Fifteen minutes before class there was a knock and and a head peeking around the door.
“Can I come in to do desk checking? It’s my job!”

Now, I have been in lots of classes at all levels where the kids have “jobs”. Line leader, paper passer, homework checker, phone secretary are the familiar kid type jobs that I recognize. “Desk Checker” (DC) was a new one for me and prompted the following dialog:

Me: Just what does a desk checker do?
DC: I check each desk to make sure the books are neat, no junk on the floor and no garbage on the top.

Me: …and if you find something wrong?
DC: They get a fine of $10FB (Fuji Bucks) which I split with Mr. Fuji

After a few more minutes of Q/A with Mr. DC, I discovered that Mr. Fuji rents the school desks to the students for $20FB/mo.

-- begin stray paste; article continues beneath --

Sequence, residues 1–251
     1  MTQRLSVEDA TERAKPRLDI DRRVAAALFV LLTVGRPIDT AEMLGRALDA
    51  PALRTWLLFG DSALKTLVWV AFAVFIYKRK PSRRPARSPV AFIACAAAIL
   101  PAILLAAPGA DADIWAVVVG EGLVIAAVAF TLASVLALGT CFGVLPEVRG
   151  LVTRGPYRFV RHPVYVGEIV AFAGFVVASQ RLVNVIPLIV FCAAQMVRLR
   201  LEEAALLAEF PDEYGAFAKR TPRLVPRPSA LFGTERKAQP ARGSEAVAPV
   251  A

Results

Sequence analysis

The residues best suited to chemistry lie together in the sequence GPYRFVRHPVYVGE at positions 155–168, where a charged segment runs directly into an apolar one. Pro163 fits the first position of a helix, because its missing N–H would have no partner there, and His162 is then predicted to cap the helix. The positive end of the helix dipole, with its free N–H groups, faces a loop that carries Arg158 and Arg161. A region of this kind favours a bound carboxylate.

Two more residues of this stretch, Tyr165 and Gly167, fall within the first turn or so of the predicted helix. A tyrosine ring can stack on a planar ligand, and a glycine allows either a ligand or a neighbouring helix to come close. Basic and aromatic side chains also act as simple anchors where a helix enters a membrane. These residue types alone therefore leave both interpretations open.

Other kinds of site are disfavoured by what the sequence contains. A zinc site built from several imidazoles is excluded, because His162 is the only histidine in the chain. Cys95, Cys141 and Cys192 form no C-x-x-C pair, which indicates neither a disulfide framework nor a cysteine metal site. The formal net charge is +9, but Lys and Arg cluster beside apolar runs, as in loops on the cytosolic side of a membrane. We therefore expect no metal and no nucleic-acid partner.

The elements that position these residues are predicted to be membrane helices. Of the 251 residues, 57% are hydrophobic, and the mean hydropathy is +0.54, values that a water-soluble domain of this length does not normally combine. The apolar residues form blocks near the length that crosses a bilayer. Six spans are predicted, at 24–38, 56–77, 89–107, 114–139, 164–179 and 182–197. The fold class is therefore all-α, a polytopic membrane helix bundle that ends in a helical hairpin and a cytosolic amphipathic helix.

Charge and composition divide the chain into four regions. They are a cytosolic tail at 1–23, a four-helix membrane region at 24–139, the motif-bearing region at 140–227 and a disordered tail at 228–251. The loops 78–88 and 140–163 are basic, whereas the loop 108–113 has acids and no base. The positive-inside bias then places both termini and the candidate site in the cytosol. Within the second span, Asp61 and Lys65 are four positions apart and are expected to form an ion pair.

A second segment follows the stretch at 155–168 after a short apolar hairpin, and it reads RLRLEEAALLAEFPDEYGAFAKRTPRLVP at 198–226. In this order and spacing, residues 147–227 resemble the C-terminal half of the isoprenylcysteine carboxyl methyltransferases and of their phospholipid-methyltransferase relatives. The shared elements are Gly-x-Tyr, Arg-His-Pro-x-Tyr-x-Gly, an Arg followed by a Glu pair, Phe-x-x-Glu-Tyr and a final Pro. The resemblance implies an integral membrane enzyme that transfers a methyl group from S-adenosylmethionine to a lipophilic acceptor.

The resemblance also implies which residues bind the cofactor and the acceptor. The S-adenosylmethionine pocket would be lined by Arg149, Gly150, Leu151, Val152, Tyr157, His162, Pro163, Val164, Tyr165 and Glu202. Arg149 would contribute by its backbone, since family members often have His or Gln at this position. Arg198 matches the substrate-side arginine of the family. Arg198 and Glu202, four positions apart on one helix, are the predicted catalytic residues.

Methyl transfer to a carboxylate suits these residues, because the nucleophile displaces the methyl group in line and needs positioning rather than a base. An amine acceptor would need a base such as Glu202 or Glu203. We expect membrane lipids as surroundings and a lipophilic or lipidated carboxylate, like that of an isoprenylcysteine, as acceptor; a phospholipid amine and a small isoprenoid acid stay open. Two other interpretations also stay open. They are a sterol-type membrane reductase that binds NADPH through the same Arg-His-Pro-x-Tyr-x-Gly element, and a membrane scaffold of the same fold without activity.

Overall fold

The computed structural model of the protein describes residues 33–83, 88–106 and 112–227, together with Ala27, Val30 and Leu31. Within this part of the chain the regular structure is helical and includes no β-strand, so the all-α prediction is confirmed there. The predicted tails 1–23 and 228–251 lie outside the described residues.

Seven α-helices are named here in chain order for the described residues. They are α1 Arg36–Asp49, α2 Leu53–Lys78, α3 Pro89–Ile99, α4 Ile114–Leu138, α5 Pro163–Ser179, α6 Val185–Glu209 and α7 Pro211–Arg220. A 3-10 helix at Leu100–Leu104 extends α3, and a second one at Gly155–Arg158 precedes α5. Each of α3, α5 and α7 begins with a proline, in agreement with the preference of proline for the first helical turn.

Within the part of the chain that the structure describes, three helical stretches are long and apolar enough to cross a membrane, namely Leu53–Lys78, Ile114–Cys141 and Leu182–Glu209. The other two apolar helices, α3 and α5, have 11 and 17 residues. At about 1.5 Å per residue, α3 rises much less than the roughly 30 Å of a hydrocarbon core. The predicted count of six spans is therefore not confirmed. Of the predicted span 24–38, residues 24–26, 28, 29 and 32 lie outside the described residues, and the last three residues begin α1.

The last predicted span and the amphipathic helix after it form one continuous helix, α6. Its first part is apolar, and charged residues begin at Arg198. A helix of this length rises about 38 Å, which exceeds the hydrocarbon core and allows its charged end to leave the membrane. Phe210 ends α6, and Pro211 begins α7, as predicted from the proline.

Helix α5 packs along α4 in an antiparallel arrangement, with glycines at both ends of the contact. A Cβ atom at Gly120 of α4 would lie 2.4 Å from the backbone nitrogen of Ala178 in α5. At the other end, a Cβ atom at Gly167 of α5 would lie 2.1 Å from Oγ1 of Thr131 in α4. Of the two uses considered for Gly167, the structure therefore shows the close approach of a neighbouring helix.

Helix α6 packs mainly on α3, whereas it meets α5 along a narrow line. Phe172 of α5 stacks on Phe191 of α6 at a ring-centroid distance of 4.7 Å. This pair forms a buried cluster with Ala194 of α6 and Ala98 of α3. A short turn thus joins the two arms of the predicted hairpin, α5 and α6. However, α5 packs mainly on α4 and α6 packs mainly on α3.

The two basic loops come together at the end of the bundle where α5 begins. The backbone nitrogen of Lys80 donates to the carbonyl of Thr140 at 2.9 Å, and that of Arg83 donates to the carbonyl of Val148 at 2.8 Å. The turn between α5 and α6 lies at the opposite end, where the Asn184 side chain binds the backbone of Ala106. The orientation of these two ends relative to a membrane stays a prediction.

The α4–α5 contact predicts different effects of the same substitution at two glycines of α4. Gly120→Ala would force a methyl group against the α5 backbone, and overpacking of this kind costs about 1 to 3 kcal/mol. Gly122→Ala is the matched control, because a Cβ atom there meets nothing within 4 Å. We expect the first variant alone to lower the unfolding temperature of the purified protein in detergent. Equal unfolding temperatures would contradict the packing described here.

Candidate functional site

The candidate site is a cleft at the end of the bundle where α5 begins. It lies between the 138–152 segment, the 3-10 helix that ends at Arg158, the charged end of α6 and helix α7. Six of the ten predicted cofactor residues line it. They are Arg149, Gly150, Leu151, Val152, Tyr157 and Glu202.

Evidentially, in addition to the standard Three R’s of education, Mr. Fuji adds a dose of a fourth ‘R’ as in “Real Life”.

Throughout the rest of the day, I was able to delve deeper into how intricately this classroom society operates.

There are two class accountants that maintain student checking accounts for each kid on the teacher’s computer. The kids all have homemade wallets where they carry their spare $FB spending money and ALL the kids have one or more jobs to pay their desk rent.

Mr. Fuji requires the kids submit written job applications to the class CEO to apply for any one or more of 41 designated classroom jobs.

Job pay scales differ according to difficulty, responsibility and time. Some jobs, like “desk checker” are on a commission basis. Commissioned income is split 50/50 with Mr. Fuji .

There are no tenured jobs (sorry teachers) and the CEO can hire/fire the employees for bad job performance or misuse of job authority. This keeps the “Desk Checker” from padding his take with excessive fines.